But he managed to battle adverse conditions and get all the way to the basket a fair amount. Okogie is not very fast with the ball and doesn’t have a deep set of dribble moves to work his defender off balance but relies on his strength to bully his way forward against similarly sized players and has a low dribble to protect the ball reasonably well in traffic – taking 37.8% of his shots at the rim and averaging 7.4 free throws per 40 minutes last season.

He can use his length to over-extend around rim protectors and flashed the ability to finish with his left hand as well but can’t hang in the air and struggled scoring in a crowd for the most part – converting just 54.5% of his 121 shots at the rim.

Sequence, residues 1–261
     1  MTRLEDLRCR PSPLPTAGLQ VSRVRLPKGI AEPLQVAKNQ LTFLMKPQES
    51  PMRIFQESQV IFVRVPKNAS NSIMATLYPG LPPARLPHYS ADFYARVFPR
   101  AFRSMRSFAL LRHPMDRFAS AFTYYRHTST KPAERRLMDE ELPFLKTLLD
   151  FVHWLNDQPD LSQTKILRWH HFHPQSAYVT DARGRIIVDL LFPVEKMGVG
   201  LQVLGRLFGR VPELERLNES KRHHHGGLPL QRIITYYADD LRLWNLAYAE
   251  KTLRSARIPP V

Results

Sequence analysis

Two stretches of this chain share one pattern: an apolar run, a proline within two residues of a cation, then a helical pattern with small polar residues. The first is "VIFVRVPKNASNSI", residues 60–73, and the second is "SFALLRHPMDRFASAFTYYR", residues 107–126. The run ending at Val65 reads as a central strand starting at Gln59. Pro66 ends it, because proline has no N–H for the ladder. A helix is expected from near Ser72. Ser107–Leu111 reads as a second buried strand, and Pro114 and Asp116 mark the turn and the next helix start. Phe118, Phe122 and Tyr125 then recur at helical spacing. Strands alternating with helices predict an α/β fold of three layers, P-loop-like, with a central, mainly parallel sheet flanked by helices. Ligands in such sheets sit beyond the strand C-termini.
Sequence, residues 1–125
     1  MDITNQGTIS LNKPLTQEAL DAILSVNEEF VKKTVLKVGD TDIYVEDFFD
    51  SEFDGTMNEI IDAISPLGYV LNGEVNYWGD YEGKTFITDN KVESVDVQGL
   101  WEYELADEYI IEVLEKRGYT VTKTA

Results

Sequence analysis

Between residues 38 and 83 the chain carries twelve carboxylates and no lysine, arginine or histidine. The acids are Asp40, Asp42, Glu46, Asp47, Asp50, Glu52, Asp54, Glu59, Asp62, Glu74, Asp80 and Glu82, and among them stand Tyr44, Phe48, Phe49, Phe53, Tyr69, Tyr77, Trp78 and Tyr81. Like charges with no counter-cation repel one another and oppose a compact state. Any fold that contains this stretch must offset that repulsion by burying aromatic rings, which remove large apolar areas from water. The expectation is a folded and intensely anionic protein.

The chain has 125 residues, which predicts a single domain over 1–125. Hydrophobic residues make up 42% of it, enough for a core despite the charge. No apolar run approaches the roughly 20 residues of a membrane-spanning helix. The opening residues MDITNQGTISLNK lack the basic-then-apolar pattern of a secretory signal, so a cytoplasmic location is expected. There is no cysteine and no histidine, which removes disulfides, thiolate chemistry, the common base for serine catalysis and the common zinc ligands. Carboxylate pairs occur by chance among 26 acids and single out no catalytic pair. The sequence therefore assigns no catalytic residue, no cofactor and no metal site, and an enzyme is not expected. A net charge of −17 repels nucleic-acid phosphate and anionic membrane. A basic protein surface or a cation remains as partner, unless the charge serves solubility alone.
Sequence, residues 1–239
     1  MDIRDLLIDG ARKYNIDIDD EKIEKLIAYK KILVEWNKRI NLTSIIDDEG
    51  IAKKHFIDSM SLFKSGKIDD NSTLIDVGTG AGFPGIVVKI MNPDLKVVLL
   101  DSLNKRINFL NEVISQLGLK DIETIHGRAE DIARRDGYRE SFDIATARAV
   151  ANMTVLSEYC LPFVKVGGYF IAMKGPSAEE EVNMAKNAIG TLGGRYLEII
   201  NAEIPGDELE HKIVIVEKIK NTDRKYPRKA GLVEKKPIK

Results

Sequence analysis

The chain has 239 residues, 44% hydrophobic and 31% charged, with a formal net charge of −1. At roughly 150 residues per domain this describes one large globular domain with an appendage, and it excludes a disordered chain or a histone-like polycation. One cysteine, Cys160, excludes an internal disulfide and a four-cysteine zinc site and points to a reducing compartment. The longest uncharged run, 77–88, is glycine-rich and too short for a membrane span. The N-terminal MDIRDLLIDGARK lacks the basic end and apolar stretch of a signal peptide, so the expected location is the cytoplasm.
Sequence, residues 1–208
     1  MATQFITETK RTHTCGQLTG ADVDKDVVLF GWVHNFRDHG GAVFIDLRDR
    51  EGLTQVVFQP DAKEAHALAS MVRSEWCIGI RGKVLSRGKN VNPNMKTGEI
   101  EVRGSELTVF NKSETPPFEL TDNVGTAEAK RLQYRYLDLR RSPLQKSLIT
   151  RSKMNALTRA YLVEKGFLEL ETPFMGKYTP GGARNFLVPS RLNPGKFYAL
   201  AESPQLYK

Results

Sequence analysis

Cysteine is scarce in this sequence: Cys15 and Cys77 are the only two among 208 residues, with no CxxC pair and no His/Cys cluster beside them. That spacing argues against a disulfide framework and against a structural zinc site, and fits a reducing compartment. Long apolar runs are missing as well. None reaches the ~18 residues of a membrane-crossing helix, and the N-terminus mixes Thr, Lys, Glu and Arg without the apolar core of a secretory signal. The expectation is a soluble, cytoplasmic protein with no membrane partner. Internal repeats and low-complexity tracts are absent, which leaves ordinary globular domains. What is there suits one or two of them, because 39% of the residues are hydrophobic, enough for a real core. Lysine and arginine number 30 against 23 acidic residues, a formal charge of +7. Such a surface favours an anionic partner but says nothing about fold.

Okogie brought the ball up to trigger motion offense from time-to-time but wasn’t put in the pick-and-roll a whole lot. That said, when he did get a ball screen, he showed glimpses of appealing court vision.

Other than executing basic drop-offs and kick-outs to the strong-side off deep dribble penetration, he flashed the ability to make well-timed pocket passes and passes over the top to the roll man – assisting on 14.9% of Georgia Tech’s scores when he was on the floor last season.

There is a chance more than a few teams view him as a point guard prospect, or at least as the sort of wing who might be able to develop the ability to run offense in a pinch and unlock jumbo personnel in the perimeter.